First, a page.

Full tang knives are the most popular design among survival experts; it should therefore be worthy of consideration by all those looking to better prepare themselves for any type of disaster. The partial tang familiar to folding knives are inherently weaker than their full tang cousins in the cutlery industry. As is the case with most folding knives, the tang does not penetrate into the handle. The blade is affixed to the handle using a dowel that allows the blade to swivel open and closed. This is the weakest spot on a knife and is highly susceptible to breakage when used in extreme environments.

HANDLE FABRICATION: Another important aspect to consider when selecting a knife for survival purposes is the material composition from which the handle is constructed. The reason this is of importance to knife users is because the handle must be durable enough to prevent damage during use, while simultaneously resisting the ability to absorb moisture. Obviously a broken handle on a bladed tool will complicate matters and moisture will eventually result in rot if left unattended for too long. Textured rubber handle configurations will provide a comfortable grip while eliminating the ability of moisture to penetrate and damage the material.

Survival Knife Sharpening

If you plan on spending any amount of time in the great outdoors, then you not only need an excellent survival knife, you also need to develop the skills to sharpen it and maintain an edge while in the wilderness. In survival situations the most recommended procedure for sharpening blades involves the use of water and stones. While honing a blade with oil is favorable under consumer based advertising conditions, it is not necessary when in the wilderness. As a matter of fact, it will be messier and not conducive to conserving valuable time. In the event a water source is unavailable, the simple use of spit and a stone will suffice for knife honing purposes.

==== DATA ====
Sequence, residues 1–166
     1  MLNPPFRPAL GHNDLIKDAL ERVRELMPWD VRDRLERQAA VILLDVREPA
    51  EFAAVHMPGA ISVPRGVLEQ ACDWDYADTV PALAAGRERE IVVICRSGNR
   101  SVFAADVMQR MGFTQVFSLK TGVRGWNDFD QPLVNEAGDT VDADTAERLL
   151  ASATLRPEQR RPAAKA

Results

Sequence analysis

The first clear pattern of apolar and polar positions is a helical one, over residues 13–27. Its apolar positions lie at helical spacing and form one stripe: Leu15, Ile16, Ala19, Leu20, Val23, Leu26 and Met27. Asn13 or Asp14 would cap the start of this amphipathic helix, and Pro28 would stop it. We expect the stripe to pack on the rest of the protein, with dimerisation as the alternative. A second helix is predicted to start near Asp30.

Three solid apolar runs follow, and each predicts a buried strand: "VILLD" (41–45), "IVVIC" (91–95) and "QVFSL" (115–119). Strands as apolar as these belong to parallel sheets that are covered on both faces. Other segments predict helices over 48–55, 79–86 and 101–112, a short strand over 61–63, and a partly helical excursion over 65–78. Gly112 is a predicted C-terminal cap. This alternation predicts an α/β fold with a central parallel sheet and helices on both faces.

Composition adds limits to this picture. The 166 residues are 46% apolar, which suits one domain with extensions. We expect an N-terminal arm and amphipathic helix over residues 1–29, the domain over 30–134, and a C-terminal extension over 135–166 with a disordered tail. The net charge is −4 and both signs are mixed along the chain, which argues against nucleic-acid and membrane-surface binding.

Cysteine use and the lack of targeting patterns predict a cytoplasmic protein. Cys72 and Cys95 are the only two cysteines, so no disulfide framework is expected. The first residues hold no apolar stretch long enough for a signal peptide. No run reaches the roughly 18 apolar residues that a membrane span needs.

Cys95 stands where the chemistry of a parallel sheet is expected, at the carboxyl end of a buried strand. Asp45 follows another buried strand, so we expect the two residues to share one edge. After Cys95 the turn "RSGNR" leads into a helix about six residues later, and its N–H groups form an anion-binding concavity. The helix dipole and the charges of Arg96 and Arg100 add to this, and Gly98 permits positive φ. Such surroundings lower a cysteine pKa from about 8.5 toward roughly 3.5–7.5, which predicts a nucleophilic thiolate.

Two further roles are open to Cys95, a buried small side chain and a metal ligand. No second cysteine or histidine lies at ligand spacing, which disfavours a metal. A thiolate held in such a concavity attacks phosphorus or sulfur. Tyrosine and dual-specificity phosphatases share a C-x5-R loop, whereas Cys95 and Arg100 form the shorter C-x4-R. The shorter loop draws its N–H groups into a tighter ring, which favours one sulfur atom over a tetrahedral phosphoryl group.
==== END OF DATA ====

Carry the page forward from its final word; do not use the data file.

Choosing the right blade steel will assist with reducing the time and effort required to complete the task of honing a razor sharp edge onto a blade. The wider a blade is the greater the degree of angle applied during the honing process. Wide blades should be sharpened using a 25°-30° angle, and narrow blades should be sharpened using a 15°-20° angle, for best results.


Survival knives serve several purposes, both in daily use as well as in the wilderness. They are an instrument capable of assisting outdoor enthusiasts with erecting shelter, starting a fire, processing wild game and fish, as well as preparing wild edibles for the stew pot. They are an absolute time saving device when it comes to cutting through tough material such as wood, and can be used to cut away other natural resources when called upon, such as bamboo, sugar cane, sawgrass, and wait-a-minute vines. Survival knives may also be useful as a personal protection tool if/when nothing else is readily available. In the event you are attacked by a predatory animal, or even an adversary, the survival knife can be used to defend yourself and your property at all costs. Bear in mind that knives are designed to have a sharp edge; this means they are capable of causing injury. That being said, a dull knife is almost always considered to be more dangerous than a sharp knife, simply because it creates an environment in which additional focus and pressure may be required to complete the same job as a sharp knife. This in turn can cause the blade to slip, rather than cut, the material it is being used on. This places the user in the unfavorable position of not being in control of the cutting edge, which can then result in serious, possibly even life threatening, injuries. Always practice safety when handling a bladed tool.